The Current, delivered daily.
Welcome to a new week. We’ve got a quick look back at the NRF Big Show to kick things off. Then, this week brings plenty of opportunities to gain insight into the state of the consumer. Colgate Palmolive, Johnson & Johnson, Kimberly-Clark and Levi Strauss will report earnings. Meanwhile, new economic data will offer a look at GDP and inflation.
NRF Big Show takeaways
Industry events are taking a breather this week after the NRF Big Show and Winter Fancy Foods Show kicked off the tradeshow year with high energy. With this week providing a chance to reflect and catch up following all of the activity, we’ll take a moment to share three takeaways from the NRF Big Show:
What does omnichannel mean now? The pandemic brought the spike in ecommerce, and last year featured the return to stores. Technology that connects the two is still called omnichannel, but a lot has changed over the last few years. Think: Googling "In stock near me," Buy Online, Pickup in Store. Building technology for in-person shopping that has digital touchpoints feels more important. Should we still call it omnichannel?
Profitability over growth. With a tougher economic environment expected this year, there's more priority on building loyalty with existing customers, and tightening up operations. We've had three years of swings and adjustment to huge changes. This year, there's an opportunity to pick which of the new approaches stick, and fine-tune to make them work for the long haul.
Composable commerce is everywhere. Retailers used to build custom ecommerce systems. Now, more technology is being built that allows them to choose the best pieces for their needs. Composable commerce is growing not only for customer-facing functions in the shopping experience, but also on the fulfillment and supply chain side. Leaders believe this technology must be built to allow for continuing change as new advances are developed.
The Current will continue to roll out interviews and analysis from the Big Show for the rest of January. Subscribe to The Daily Current newsletter to get the latest in your inbox.
Gross Domestic Product: The U.S. Bureau of Economic Analysis releases the Q4 2022 growth rate of GDP, which is the top measure of economic activity. This includes consumer spending, and any growth or decline is a primary indicator of whether demand for goods is remaining strong. In Q3, GDP grew 3.2%. 8:30 a.m., Jan. 26
Durable Goods Orders: The U.S. Commerce Department releases data for December on manufacturer orders and shipments of goods that are meant to last three years or more. This is an indicator of demand for larger-ticket purchases. 8:30 a.m., Jan. 26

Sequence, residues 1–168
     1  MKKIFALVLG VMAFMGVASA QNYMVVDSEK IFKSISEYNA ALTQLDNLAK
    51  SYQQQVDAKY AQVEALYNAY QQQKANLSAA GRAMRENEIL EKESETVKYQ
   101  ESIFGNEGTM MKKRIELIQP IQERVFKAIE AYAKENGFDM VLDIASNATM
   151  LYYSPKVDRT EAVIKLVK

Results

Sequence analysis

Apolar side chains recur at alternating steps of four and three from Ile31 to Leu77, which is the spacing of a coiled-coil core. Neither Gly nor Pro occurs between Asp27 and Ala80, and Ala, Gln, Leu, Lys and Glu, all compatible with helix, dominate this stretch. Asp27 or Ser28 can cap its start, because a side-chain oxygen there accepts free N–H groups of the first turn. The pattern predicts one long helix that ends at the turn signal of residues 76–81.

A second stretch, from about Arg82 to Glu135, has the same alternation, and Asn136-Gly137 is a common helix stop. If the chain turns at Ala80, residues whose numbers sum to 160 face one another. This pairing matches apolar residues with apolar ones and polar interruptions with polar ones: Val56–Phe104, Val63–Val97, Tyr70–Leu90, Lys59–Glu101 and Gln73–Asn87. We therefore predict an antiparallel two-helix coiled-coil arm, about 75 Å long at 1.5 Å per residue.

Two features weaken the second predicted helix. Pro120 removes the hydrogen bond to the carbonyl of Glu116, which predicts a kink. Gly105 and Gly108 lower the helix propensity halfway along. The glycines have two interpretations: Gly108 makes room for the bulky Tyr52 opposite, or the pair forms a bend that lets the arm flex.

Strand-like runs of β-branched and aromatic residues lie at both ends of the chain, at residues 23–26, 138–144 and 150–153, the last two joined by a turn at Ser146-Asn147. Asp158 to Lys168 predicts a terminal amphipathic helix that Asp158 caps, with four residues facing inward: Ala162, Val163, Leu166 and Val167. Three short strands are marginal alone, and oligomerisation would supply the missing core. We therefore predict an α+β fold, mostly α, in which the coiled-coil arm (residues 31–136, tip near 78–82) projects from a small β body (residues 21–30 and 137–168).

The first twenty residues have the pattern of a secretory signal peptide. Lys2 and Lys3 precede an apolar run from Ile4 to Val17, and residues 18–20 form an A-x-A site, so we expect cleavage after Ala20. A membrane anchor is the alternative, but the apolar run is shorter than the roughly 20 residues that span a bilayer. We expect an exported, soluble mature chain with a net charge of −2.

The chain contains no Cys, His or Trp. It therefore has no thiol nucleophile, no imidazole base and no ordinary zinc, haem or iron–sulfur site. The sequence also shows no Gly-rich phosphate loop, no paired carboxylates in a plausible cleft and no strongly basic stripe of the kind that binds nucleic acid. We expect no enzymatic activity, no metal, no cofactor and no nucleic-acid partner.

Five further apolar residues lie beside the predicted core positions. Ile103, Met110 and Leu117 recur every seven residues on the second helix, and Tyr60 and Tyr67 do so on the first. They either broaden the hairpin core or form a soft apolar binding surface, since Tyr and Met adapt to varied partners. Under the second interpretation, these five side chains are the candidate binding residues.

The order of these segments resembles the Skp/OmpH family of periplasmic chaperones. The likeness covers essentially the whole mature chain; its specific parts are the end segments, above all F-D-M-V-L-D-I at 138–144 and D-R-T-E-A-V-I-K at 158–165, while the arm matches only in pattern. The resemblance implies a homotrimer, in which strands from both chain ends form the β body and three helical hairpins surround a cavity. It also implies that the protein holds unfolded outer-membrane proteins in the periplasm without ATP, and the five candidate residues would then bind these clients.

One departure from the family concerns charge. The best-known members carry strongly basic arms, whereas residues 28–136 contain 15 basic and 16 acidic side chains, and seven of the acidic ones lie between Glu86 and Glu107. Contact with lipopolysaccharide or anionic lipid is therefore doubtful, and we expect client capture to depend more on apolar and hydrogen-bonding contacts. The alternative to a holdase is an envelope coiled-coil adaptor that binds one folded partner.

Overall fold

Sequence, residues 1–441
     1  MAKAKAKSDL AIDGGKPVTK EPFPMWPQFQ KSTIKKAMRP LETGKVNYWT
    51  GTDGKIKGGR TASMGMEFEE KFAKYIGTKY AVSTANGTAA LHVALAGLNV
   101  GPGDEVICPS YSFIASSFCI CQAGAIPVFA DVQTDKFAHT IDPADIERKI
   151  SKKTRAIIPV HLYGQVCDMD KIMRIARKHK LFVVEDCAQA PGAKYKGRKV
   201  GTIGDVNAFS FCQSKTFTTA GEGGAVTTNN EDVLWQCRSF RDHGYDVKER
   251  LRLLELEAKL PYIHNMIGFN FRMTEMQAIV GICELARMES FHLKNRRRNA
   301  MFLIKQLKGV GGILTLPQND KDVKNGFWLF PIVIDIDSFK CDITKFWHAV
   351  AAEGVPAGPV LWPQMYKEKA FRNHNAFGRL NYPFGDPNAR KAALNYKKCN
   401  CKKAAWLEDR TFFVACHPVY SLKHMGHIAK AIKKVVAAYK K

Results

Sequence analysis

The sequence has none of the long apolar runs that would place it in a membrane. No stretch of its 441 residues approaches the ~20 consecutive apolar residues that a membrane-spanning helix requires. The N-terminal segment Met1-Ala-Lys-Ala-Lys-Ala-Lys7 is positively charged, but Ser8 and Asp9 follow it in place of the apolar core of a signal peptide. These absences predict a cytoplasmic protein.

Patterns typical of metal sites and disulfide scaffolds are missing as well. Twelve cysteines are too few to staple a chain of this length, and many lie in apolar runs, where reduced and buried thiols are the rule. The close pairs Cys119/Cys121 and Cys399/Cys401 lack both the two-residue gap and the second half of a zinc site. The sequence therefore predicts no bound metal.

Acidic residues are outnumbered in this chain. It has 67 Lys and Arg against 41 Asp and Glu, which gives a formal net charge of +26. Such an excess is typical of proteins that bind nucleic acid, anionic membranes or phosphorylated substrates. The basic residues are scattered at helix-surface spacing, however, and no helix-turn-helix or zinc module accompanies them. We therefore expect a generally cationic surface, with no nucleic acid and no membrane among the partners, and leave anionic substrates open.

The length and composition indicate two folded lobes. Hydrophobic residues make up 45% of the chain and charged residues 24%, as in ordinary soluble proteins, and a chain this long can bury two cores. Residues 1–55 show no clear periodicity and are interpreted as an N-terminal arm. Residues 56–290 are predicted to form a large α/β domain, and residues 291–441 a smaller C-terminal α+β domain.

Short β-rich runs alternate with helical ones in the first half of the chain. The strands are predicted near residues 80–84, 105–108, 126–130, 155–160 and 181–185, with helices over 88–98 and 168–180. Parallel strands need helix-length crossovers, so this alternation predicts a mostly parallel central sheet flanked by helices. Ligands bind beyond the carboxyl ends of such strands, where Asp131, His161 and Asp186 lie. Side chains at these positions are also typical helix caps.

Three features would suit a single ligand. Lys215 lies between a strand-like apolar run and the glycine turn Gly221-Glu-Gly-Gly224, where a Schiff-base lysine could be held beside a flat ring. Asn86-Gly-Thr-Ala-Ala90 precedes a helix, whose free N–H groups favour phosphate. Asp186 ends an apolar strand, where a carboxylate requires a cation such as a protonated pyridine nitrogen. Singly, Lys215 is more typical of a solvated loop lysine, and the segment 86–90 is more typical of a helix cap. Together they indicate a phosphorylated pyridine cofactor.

Personal Consumption Expenditures: The U.S. Bureau of Economic Analysis releases data on consumer spending, savings and inflation for December 2022. This is the measure of inflation watched by the Federal Reserve and many economists.
Consumer Sentiment: The University of Michigan releases final data on consumer buying plans and economic expectations in January. In the initial reading, sentiment rose to its highest level since April as more people see inflation beginning to fall.
Trending in Economy
Labor disputes on the West Coast could cause further disruption heading into peak season.
When the first half of 2023 is complete, imports are expected to dip 22% below last year.
That’s according to new data from the Global Port Tracker, which is compiled monthly by the National Retail Federation and Hackett Associates.
The decline has been building over the entire year, as imports dipped in the winter. With the spring, volume started to rebound. In April, the major ports handled 1.78 million Twenty-Foot Equivalent Units. That was an increase of 9.6% from March. Still it was a decline of 21.3% year over year – reflecting the record cargo hauled in over the spike in consumer demand of 2021 and the inventory glut 2022.
In 2023, consumer spending is remaining resilient with in a strong job market, despite the collision of inflation and interest rates. The economy remains different from pre-pandemic days, but shipping volumes are beginning to once again resemble the time before COVID-19.
“Economists and shipping lines increasingly wonder why the decline in container import demand is so much at odds with continuous growth in consumer demand,” said Hackett Associates Founder Ben Hackett, in a statement. “Import container shipments have returned the pre-pandemic levels seen in 2019 and appear likely to stay there for a while.”
Retailers and logistics professionals alike are looking to the second half of the year for a potential upswing. Peak shipping season occurs in the summer, which is in preparation for peak shopping season over the holidays.
Yet disruption could occur on the West Coast if labor issues can’t be settled. This week, ports from Los Angeles to Seattle reported closures and slowdowns as ongoing union disputes boil over, CNBC reported. NRF called on the Biden administration to intervene.
“Cargo volume is lower than last year but retailers are entering the busiest shipping season of the year bringing in holiday merchandise. The last thing retailers and other shippers need is ongoing disruption at the ports,” aid NRF Vice President for Supply Chain and Customs Policy Jonathan Gold said. “If labor and management can’t reach agreement and operate smoothly and efficiently, retailers will have no choice but to continue to take their cargo to East Coast and Gulf Coast gateways. We continue to urge the administration to step in and help the parties reach an agreement and end the disruptions so operations can return to normal. We’ve had enough unavoidable supply chain issues the past two years. This is not the time for one that can be avoided.”